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Bar None Paperback

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Product Details

  • Paperback: 193 pages
  • Publisher: Night Shade Books; 1st edition (June 19, 2009)
  • Language: English
  • ISBN-10: 159780097X
  • ISBN-13: 978-1597800976
  • Product Dimensions: 8.4 x 5.4 x 0.7 inches
  • Shipping Weight: 4 ounces (View shipping rates and policies)
  • Average Customer Review: 3.2 out of 5 stars  See all reviews (6 customer reviews)
  • Amazon Best Sellers Rank: #2,341,270 in Books (See Top 100 in Books)

Editorial Reviews

From Publishers Weekly

Six months after a plague wipes out most of the world's population, several survivors follow the advice of a mysterious stranger and leave their mansion hideout to seek Bar None, the last bar on Earth, in this brief but enjoyable horror-fantasy tale. The travelers face a hard journey, dodging strange creatures and hostile survivors in an ever-changing natural environment unfettered by humankind. Lebbon (Dawn) indulges in almost laughable, flowery descriptions of numerous beers and ales (Marston's Double Drop, a golden ale with a fruity malt aroma, a bright and yeasty taste with a bitter, caramel finish, cool going down and calm as it dulled my senses) that take up more than their share of space, but this is nevertheless a fun, engaging, exceptionally strange and refreshingly original tale for fans of postapocalyptic fiction. (Sept.)
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About the Author

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More About the Author

I've been published for over fifteen years and have written over thirty horror, dark fantasy and tie-in novels, including Coldbrook, The Cabin in the Woods, the Noreela series of fantasy books (Dusk, Dawn, Fallen and The Island), the NY Times Bestselling novelisation of the movie 30 Days of Night, Alien: Out of the Shadows, Star Wars: Dawn of the Jedi - Into the Void, and several books with Christopher Golden, including The Map of Moments and The Secret Journeys of Jack London. I've also written hundreds of novellas and novels. I've won several prestigious awards, and some of my work has been optioned for the big screen.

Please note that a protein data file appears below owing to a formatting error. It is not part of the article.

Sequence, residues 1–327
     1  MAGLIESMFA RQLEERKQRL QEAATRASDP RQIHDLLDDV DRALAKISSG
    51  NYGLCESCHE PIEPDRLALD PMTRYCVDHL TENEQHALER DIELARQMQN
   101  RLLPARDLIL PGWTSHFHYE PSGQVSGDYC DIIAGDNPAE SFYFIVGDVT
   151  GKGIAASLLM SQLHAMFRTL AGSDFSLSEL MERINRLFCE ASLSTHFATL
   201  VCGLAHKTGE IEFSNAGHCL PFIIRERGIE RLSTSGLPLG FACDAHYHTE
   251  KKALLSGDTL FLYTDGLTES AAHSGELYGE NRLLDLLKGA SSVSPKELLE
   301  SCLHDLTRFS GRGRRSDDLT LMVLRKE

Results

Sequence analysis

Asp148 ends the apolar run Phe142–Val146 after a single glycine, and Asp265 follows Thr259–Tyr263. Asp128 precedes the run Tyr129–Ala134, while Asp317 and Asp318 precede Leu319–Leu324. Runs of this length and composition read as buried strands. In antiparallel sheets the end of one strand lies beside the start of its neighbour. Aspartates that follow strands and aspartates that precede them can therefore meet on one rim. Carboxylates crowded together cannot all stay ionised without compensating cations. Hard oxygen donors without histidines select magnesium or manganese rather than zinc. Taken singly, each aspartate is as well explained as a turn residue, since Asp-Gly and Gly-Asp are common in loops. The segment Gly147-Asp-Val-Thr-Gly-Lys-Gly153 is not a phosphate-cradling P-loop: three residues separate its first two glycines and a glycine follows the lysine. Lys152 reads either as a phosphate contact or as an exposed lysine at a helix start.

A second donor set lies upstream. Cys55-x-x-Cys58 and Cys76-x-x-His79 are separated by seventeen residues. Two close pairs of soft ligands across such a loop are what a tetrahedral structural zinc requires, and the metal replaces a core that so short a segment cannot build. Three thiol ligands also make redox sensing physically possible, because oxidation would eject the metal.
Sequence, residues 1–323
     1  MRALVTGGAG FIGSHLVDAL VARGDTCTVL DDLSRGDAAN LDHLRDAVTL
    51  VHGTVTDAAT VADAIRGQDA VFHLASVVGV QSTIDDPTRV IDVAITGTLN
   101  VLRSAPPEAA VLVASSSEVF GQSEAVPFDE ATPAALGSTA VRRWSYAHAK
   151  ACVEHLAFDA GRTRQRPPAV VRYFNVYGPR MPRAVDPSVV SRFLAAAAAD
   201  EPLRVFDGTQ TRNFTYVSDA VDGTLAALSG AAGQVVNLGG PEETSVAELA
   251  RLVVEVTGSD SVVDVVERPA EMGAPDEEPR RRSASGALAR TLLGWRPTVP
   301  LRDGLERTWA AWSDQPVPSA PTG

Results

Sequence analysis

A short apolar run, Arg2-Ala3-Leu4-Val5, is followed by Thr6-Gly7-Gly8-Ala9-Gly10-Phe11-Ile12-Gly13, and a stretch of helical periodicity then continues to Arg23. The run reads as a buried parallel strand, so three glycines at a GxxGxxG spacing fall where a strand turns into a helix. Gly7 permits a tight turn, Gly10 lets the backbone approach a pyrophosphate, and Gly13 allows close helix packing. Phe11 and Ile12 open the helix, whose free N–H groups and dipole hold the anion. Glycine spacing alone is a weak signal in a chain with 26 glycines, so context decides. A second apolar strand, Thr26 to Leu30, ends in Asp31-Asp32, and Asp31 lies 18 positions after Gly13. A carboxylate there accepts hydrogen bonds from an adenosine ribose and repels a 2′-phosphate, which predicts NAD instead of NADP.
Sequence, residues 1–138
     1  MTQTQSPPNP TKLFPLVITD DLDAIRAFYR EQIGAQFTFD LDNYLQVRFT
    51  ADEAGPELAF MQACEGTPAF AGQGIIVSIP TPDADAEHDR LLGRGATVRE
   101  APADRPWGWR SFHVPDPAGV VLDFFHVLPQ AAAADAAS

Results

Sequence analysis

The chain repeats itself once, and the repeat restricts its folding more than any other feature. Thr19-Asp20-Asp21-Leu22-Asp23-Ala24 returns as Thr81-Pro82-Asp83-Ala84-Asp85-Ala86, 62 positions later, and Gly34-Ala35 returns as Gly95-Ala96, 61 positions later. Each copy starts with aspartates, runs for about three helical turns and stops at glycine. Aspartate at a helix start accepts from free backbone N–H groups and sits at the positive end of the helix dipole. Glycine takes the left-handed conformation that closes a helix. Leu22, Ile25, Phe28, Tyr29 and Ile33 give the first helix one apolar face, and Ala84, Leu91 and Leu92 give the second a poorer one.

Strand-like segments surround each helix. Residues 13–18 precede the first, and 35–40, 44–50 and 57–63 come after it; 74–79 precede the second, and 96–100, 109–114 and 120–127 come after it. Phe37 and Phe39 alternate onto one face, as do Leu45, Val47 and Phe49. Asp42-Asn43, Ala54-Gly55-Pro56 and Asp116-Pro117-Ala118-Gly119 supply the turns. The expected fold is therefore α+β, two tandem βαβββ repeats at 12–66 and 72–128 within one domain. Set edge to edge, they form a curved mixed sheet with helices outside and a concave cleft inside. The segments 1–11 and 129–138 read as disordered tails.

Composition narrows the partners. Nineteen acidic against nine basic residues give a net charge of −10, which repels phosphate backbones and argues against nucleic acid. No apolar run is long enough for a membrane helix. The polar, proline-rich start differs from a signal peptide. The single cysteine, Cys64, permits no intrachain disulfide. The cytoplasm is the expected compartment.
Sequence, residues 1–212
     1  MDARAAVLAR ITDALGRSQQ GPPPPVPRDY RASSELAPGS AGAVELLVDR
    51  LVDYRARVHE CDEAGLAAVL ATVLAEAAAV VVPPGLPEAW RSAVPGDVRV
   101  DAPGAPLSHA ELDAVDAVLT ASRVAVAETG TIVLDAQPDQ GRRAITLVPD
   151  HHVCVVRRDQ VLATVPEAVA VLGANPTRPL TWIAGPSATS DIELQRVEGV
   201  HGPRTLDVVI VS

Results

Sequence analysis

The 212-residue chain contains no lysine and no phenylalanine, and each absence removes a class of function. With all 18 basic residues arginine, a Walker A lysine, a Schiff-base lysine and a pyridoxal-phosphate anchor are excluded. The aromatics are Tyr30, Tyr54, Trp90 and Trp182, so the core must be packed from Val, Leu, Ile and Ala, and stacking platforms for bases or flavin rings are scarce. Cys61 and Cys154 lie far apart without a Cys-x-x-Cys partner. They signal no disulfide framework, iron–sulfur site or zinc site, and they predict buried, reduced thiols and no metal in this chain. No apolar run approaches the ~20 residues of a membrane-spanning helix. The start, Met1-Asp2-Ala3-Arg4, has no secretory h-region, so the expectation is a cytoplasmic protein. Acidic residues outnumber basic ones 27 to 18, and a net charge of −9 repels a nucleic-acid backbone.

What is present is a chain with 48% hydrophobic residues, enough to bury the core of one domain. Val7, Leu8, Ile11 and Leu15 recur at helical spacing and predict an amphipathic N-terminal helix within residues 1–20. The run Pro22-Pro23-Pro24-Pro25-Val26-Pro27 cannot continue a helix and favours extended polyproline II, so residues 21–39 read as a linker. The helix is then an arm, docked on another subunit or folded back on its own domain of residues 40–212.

Customer Reviews

3.2 out of 5 stars
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Most Helpful Customer Reviews

2 of 2 people found the following review helpful By Robert Rynski on August 18, 2009
Format: Paperback
I thought the beer-per-chapter thing was a bit too much. It felt pushed. But, I suppose it was not that big a deal. In the end, I thought the payoff was very disappointing. I don't think this rises to any important level of post-apoc lit. Fair read, but, in the end it felt empty. Would not really recommend.
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1 of 1 people found the following review helpful By Tim Janson HALL OF FAMETOP 1000 REVIEWERVINE VOICE on May 31, 2010
Format: Paperback
Set in a post-apocalyptic England, where basically the world has ended, Lebbon's Bar None unfolds an exquisitely layered tale of five survivors. The five eke out an existence in a stately English manor, attempting to grow food and capping off what little alcohol remains to drink. Lebbon names his chapters after various brands of beers and ales, although it's not to be cute. The names all relate to one of the characters past experiences with this brand and how their back stories eventually flesh out the book.

A stranger arrives one day, causing some paranoid curiosity among the five as they had not seen another live soul, not human anyway, in a very long time. He tells the group that there is a place, a bar where they can all be safe and where the beer never runs out. I know, this sounds like it might be a humorous plot but it's not, all eventually makes sense. The stranger calls himself Michael, but admits that's just his name for today. He meets with each of the group and gives them the same warning about getting out of the manor. With much trepidation, the group sets out on the bizarre quest, through a world they no longer recognize, to find the Holy Grail of pubs.

Bar None is a strange book that doesn't give up its secrets too easily. It's told in the first person which I've never been crazy about but Lebbon makes it work here, due in part to the main character's name never being revealed. Bar None is dark and dreary...nature has reclaimed the world quickly. At under 200 pages it's a short read, somewhat slow in parts but Lebbon manages to keep the readers attention with the quirky world he's fashioned.
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Format: Paperback
Bar None surprised me. I thought it was going to be a comic multi character pub thing. Instead what I found myself reading was a strangely elegiac novel that managed to combine action set pieces of real suspense with meditations about memory of specific people, and of the human race. I am particularly impressed that I thought I had it all figured out two days ago, and then the last third of the book went in a completely different direction. As another reader said, the book has stayed with me, thinking about its meditative end of days tone, and the (chosen) fates of the main characters. I highly recommend this - an original take on post apocalypse.
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